• The "Who Shot J.R.?" episode entered into American popular culture, with t-shirts printed with such references as "Who shot J.R.?" and "I Shot J.R.!" becoming common throughout the summer of 1980. The cliffhanger was also referenced in the The Fresh Prince of Bel-Air episode "As the Will Turns"; when Will was trying to get fired from a television show via a ridiculous monologue that incorporated elements from numerous TV shows, he says that he's "the guy who shot J.R." (as well as the sheriff).
  • Charlene Tilton hosted an episode of Saturday Night Live (which Larry Hagman had turned down) centered around the "shooting" of Charles Rocket, in which Rocket says, "I'd like to know who the fuck did it." For his use of the profanity, he was fired.
  • During a scene in The Wedding Singer, Frank Sivero, who plays Andy, refuses to leave the living room and says, "Hang on! I'm watching Dallas! I think J.R. might be dead or something! They shot him!"
  • During the mania surrounding "Who Shot J.R.?", Happy Days aired an episode in which the Fonz (Henry Winkler) was shot in the behind. Three different versions of the incident come forward, with the one told by Roger (Ted McGinley) being the most accurate. Fonzie, Chachi (Scott Baio), Roger and Potsie (Anson Williams) have gone camping. Fonzie and Chachi are at odds with Roger and Potsie trying to restore order. When Potsie intervenes, Fonzie tells him to mind his own business and shoves him hard enough that he hits the mantelpiece above the fireplace. This dislodges a mounted rifle, which discharges upon hitting the floor. Thus, the shooting is determined to have been an accident.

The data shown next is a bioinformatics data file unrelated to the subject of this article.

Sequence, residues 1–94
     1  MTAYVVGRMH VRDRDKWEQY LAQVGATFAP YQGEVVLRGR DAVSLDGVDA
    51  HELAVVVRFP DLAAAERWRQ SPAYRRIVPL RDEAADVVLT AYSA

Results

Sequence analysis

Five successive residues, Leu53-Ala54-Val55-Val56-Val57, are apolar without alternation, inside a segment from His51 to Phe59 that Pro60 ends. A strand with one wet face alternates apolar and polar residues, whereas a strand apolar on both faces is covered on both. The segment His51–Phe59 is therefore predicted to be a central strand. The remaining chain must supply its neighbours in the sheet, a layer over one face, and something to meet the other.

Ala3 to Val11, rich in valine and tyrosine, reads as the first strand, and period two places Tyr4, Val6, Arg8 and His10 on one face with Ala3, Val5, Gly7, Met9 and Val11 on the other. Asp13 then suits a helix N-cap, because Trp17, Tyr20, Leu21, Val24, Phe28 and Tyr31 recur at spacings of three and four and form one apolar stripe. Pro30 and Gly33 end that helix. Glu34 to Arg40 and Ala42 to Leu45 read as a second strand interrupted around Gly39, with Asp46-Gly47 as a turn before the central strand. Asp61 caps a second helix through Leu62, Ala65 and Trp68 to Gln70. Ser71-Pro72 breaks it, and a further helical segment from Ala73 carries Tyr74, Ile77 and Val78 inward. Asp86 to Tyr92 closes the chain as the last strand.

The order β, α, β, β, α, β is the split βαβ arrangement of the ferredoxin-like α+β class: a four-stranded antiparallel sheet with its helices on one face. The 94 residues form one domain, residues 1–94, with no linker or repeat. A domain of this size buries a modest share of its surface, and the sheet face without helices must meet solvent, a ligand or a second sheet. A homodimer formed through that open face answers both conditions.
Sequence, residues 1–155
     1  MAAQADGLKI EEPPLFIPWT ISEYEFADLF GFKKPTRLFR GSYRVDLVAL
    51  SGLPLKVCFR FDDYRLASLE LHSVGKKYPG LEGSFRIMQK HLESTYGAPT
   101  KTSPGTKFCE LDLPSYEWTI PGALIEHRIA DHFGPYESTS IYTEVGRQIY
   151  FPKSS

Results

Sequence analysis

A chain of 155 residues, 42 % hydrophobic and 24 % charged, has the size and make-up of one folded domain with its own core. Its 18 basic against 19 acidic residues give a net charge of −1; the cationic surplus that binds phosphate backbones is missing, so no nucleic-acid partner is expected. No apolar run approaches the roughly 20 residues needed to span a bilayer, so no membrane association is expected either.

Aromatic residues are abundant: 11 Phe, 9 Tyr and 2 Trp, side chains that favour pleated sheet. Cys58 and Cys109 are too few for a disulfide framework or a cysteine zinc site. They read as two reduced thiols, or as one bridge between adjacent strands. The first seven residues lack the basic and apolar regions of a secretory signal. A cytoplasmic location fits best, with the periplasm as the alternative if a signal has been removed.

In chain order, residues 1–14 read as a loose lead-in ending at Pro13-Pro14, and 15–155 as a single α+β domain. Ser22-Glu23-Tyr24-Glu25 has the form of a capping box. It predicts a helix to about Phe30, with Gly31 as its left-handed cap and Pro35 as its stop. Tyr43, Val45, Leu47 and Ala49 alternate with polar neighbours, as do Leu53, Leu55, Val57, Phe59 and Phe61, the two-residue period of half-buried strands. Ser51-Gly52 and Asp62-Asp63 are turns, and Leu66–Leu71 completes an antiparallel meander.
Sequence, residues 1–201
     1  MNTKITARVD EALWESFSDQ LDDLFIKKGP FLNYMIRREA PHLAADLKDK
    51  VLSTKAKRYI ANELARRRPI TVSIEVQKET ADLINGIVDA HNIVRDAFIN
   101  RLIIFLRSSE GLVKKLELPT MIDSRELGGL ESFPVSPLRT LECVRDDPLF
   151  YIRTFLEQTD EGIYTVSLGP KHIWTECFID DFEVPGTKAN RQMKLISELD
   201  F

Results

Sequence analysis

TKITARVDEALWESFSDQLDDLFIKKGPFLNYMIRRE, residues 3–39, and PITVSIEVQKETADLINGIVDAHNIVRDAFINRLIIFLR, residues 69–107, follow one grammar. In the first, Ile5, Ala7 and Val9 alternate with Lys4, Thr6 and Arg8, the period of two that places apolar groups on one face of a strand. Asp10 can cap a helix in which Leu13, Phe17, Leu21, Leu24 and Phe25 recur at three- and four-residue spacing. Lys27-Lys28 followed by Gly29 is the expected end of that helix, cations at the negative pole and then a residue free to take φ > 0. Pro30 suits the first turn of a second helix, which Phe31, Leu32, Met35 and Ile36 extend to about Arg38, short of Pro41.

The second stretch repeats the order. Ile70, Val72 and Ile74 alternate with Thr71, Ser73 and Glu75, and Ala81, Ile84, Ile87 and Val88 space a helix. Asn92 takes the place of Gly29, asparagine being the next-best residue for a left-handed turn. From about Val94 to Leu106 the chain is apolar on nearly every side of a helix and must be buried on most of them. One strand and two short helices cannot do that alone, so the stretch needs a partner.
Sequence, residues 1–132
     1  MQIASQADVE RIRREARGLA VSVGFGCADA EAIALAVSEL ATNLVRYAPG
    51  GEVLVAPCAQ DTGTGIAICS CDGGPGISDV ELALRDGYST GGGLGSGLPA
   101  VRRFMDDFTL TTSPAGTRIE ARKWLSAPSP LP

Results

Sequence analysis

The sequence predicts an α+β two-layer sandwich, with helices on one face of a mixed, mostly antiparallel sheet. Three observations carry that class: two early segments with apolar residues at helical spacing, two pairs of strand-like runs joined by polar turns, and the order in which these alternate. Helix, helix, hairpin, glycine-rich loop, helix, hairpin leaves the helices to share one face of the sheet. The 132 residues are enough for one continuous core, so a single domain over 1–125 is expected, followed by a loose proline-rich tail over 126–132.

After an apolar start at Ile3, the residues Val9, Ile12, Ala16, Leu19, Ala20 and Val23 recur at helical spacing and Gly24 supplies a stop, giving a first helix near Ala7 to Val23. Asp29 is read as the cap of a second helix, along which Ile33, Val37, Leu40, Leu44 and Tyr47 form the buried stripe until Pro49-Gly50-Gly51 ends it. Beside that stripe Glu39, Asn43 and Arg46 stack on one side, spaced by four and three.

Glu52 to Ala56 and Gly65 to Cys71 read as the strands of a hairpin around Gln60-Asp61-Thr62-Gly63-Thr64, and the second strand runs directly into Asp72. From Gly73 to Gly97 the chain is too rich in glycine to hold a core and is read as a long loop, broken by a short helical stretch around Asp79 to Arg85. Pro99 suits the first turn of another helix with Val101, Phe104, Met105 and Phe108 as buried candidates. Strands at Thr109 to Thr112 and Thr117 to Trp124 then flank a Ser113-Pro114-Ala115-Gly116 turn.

• The Jeffersons also had a Dallas parody through a script written by Florence, the maid. The cast was George as G.R. Jenkins, Louise as Lou Weezy Jenkins, Helen as Ellen Wallis, Tom as Tim Wallis, Lionel as Leon Jenkins, and Jenny as Jannice Wallis Jenkins. There is even a scene in which G.R. is shot but fakes his coma to draw out the assailant—Florence as Flossie.
  • In the Irish sitcom Father Ted, one of the locals on Craggy Island constantly wears a shirt that reads "I Shot J.R."
  • The Simpsons episode "Who Shot Mr. Burns?" parodies "Who shot J.R.?" A deleted scene in "Bart vs. Australia" also includes a reference when one of the courtmembers shouts, "Don't tell us who shot J.R.!" whilst covering his ears.

Season 8 (the "Dream Season")

  • In the Family Guy episode "Da Boom" (1999), the Y2K virus changes civilization for the worse. In a parody of "Blast from the Past" episode climax, Victoria Principal and Patrick Duffy reprise their roles in a live-action segment at the end of the episode, when Pam wakes up and tells Bobby, who is in the shower, that she just dreamt about the strangest episode of Family Guy. Bobby pauses, then asks, "What's Family Guy?"
  • Introducing Saturday Night Live's 1986–1987 season, Madonna, who hosted the first episode of the dismally rated 1985–1986 season, read a statement from NBC that claimed the previous season of SNL was "all a dream, a horrible, horrible dream."
  • The show Reno 911! sometimes references Dallas by having a character dream some event that happened on a previous episode, notably at the end of the season.
  • The final episode of Newhart revealed the entire series was Bob Hartley's (the character that Bob Newhart played on The Bob Newhart Show) dream.

See also

  • Knots Landing (1979–1993)
  • Dynasty (1981–1989)
  • Falcon Crest (1981–1990)
  • Dallas: J.R. Returns (1996)
  • Dallas: War of the Ewings (1998)
  • Dallas Reunion: The Return to Southfork (2004)

Notes

External links